Here are some sweet and savory recipes for Sesame Seeds:

                Sesame Truffles

                by Elana’s Pantry
                Full recipe here.

                sesame_truffles

                  Cold Sesame (Cucumber) Noodles

                  by The Clothes Make The Girl
                  Full recipe here.

                  sesamenoodles

                    5. Flaxseeds

                    Flaxseeds were once called the new wonder food. Big gifts come in small packages indeed. Flaxseeds are packed with overwhelming health benefits for such a tiny seed. Some studies show that flaxseeds may help fight heart illnesses, diabetes, and breast cancer. It can be found in all kinds of consumer products like crackers, frozen waffles, and oatmeal. Flaxseeds are primarily rich in omega-3 essential fatty acids, lignans, and good-old fiber. It is still considered a powerful seed even 13 centuries after it was cultivated.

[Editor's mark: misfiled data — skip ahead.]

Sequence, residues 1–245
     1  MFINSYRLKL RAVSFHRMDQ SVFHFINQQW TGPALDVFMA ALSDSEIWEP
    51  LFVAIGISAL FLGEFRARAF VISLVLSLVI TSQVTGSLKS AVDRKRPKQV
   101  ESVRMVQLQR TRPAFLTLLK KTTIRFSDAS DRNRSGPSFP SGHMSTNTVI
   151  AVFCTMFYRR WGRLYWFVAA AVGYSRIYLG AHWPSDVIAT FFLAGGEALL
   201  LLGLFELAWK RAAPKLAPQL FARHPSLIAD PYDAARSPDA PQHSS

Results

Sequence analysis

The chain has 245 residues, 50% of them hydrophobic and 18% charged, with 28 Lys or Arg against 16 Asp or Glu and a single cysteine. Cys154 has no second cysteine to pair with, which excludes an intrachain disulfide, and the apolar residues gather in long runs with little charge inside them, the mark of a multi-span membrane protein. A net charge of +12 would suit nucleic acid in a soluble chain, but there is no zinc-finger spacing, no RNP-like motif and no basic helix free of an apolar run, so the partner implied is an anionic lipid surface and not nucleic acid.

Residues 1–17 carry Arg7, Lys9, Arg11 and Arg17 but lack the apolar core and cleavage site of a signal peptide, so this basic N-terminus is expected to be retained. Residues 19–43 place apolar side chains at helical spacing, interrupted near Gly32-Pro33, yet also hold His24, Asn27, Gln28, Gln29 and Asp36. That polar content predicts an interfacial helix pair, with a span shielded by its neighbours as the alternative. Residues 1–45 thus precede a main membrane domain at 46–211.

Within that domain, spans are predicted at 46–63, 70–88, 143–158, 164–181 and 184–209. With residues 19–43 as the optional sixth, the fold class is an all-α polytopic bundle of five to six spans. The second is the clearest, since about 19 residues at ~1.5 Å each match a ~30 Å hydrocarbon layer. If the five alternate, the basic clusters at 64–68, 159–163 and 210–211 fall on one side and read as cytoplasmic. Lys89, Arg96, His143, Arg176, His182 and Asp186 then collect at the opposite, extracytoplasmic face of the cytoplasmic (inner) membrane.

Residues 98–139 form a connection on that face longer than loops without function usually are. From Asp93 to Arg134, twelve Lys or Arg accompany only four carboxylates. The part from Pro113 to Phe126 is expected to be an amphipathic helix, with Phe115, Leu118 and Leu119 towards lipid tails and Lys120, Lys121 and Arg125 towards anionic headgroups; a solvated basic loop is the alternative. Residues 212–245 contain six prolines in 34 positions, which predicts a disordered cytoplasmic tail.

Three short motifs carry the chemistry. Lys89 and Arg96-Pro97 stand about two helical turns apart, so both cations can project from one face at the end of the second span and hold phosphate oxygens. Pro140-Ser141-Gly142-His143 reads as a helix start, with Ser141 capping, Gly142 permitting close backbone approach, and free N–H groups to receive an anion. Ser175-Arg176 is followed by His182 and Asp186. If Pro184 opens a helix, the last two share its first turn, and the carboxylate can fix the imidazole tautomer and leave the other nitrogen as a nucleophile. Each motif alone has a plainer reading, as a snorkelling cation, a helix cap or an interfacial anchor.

Recommended daily serving: 2 to 4 grounded flaxseeds.

                    Here are some sweet and savory recipes for flaxseeds:

                    Mini Paleo Blueberry Bread

                    by South Beach Primal
                    Full recipe here.

                    Mini-Paleo-Blueberry-Bread

                      Pecan Flax Paleo Pancakes

                      by Paleo Porn
                      Full recipe here.

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                      Pecan-Flax-Paleo-Pancakes4-960x600

                        Grain Free Chicken Dippers with Buffalo Ranch Dipping Sauce

                        by Primally Inspired
                        Full recipe here.

                        flax seeds savoury 01

                          6. Pine Nuts